Robert May, Baron May of Oxford: Stability and Complexity in Model Banking Systems

14-10 Club – 1st December 2011

Robert May, Baron May of Oxford

Stability and Complexity in Model Banking Systems

This was a talk at the 14-10 Club, the club at the Royal Institution for professionals who use maths in finance.

The speaker on 1st December was Lord May (ex Chief scientific advisor to the UK government and ex President of the Royal Society).

Following are some incomplete notes from the talk and references for further reading.

Ecology is only 100 years old. During the first half of its development it was descriptive. Only since the 1960s has it developed a conceptual base. E.g. Hutchinson and Ken Watt.

In 2006-2007 the New York Fed and the National Academy of Sciences developed the report ‘New Directions for Understanding Systemic Risk’.

Robert May built a simple model of banking. He checked with experts in banking whether this model was as simple as possible while still being a reasonably realistic representation of the banking system. They agreed that it was a reasonable model.

The model consisted of dividing a bank’s assets and liabilities each into 3 parts as follows:

Total Liabilities = Deposits + Interbank borrowing + Net worth

Total Assets = External Assets + Interbank loans + Capital

He found that to maximise instability you would want banks that hold both external assets and interbank loans. He showed some illustrations of model results that showed this result.

As an aside he quoted Joseph Stiglitz who said “Why is the invisible hand of the market invisible? Because it’s not there!”. May was also entertainingly rude about the banks behaviour pre-credit crunch, including the belief that B rated mortgage loans could be packaged together to make triple A rated bonds, because house prices in different parts of the US were uncorrelated. He quoted from Michael Lewis’s book “The Big Short”. Also he was dismissive about the notion that  market price movements can be modelled by guassian distributions, suggesting that natural scientists would have tested this idea first rather than assuming it and using it in their models.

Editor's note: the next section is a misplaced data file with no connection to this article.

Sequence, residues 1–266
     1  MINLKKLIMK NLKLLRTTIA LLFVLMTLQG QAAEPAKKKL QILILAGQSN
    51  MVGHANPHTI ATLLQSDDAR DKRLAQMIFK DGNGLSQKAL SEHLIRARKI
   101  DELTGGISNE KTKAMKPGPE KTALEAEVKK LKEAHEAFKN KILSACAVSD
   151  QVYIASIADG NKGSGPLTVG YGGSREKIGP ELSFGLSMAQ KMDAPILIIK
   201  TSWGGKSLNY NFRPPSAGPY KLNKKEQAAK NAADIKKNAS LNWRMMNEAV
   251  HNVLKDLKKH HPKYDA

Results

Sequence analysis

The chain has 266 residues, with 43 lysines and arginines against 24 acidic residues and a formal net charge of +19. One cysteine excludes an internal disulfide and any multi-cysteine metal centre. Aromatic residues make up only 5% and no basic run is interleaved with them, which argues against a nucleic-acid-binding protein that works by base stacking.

In the US 80% of assets are held by 1.4% of banks.

When banking crisis hit you can get fire sales of assets, driving down asset prices. However, worst of all is liquidity hoarding, it is contagious. John Vickers has worked on this issue.

Diversification of assets can be good for individual banks but bad for the system. Basle I and II promoted the spreading of assets.

May quoted some figures about how much the size of bank assets has ballooned in the UK compared to GDP. He asked the question, what purpose has this served?

He asked the fundamental question, what is the financial system for? The answer is it is for recycling capital into productive uses.

Benjamin Friedman carried out research to answer the question; what is the cost overhead of this capital recycling system as a proportion of the USA’s economy? This was published in the Proceedings of the American Academy of Arts and Sciences. He found that 30 years before the credit crunch the cost was 10% of all profits in the economy, 15 years before the credit crunch the cost was 20% of profits and just before the crunch the cost was 30% of profits.

May’s last slide was some references to papers relating to banking stability:


Haldane AG, May RM, Systemic risk in banking ecosystems, Nature 2011

Jones, Claire – Preventing system failure, Central Banking 21(1) 69;75 (2010)

Haldane AG, Rethinking the financial network (Bank of England speech 2009) 386

May, Levin, Sugihara – Ecology for bankers, Nature 451, 893-895 (2008)

May, Arinaminpathy N – Systemic risk the dyanamics of model banking systems, Journal of the Royal Society  Interface 7, 823-837 (2010)

Beale et al – Individual versus systemic risk and the regulators dilemma, PNAS 1105882108 (2011)

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